As our navy continues to shrink, and budgets remain fairly static, we might come to a point where we have no pawns to send in first…just our King and Queen, so to speak.

    Today’s ships are several times more capable than the ones of yester-year, that is true. But until technology is installed that allows them to be in several places at once, sooner or later we have a presence problem – what Mike writes about at length here.

  7. UltimaRatioRegis permalink
    August 18, 2009 4:59 pm

    It would also be a near certainty that someone named Katya is slightly better looking than I am….

  8. UltimaRatioRegis permalink
    August 18, 2009 4:54 pm

    Darn, Mike! That was MY title! I took an excerpt from Reuters, which was an article written by Katya!

    I have so few clever moments, I can’t afford to have any overlooked!

  9. Mike Burleson permalink*
    August 18, 2009 4:19 pm

    Defiant, I appreciate your thoughts but they seem more opinion than fact. For instance, the idea that only giant battleforce ships can perform the sea control mission by themselves has no historical basis, as we often point out when quoting Corbett.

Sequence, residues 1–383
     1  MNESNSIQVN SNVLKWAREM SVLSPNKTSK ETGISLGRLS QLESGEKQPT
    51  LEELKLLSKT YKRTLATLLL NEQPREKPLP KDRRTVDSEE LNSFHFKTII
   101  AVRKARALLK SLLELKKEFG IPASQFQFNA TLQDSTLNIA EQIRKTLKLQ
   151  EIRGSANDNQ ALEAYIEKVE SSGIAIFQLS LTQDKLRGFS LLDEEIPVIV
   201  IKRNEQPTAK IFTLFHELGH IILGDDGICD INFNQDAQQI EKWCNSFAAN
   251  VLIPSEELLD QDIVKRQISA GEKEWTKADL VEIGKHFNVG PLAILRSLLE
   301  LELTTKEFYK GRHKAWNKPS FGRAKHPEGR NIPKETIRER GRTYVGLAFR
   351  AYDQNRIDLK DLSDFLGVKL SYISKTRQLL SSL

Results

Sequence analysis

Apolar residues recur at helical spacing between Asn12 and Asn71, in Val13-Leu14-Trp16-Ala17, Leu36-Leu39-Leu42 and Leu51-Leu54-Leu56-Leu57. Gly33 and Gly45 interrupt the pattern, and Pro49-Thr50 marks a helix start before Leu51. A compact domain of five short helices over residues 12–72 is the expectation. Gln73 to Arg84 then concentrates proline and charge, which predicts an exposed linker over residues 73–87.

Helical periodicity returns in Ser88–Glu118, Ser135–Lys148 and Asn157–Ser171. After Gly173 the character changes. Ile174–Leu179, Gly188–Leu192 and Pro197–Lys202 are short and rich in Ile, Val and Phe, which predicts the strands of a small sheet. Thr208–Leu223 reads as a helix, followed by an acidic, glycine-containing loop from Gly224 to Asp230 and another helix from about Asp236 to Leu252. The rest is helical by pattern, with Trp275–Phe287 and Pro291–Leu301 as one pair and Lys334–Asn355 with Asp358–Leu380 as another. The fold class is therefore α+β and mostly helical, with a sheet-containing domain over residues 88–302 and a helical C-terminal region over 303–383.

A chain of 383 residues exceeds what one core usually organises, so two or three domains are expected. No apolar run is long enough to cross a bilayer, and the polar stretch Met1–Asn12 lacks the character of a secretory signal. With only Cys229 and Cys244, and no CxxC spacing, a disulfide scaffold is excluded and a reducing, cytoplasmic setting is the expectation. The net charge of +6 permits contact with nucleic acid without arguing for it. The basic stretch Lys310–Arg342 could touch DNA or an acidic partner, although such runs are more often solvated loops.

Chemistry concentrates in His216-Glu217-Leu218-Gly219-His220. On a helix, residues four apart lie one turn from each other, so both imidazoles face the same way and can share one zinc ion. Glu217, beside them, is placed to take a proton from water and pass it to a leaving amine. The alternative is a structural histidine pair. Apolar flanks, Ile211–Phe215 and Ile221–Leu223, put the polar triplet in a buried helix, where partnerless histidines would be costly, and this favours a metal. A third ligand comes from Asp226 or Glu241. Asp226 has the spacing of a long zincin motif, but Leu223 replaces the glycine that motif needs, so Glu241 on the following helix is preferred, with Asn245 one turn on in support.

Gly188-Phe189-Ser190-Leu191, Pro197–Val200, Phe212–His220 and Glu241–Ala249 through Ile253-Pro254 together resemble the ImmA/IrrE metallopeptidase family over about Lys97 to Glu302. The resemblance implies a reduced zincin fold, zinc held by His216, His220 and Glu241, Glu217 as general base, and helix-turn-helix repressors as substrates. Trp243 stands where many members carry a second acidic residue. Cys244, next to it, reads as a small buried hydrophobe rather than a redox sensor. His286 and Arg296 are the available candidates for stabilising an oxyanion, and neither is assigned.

Concerning the next generation of electric weapons, if a technology isn’t practical enough to place on reasonably priced hulls, then it should be discarded altogether. The Zumwalt is unreasonable because even before the Sec. Gates defense cuts, only 7 examples would have been ordered to replace the 30 ship Spruance class which was quickly discarded this decade in order to build this technical marvel.

    Another example of this practice, that I call being “so heavenly capable it is no earthly good” is the F-22 Raptor. The USAF couldn’t use its superfighter in the wars we are fighting now or risk selling the technology even to our friends whose needs echo our own.

    The idea that small ships are somehow less capable in modern war has no basis in fact, and the lessons of past wars prove the opposite, where small destroyers (when they were 2000 tons or less), frigates, corvettes, ect were built in huge numbers. Not having a full-scale war at sea since the light craft were so vital, I don’t see how you discount their abilities.

  10. Defiant permalink
    August 18, 2009 10:31 am

    The problem about that is defense. As you can read i the article posted by undergradprogressive, to counter g-ramm weapons, you need expensive counterweapons and energy hungry detectors. Moreover you need more personell for corvettes and more tender/motherships. TLAM and SM2 need ful size mk41 vls, which needs about 7m in height, so it’s not that easy to put on a corvette hull. Another Problem is the the Helicopter as those usable for ASW are the bigger ones and take considerable hangar space. Corvettes are also more vulnerable to asgm hits.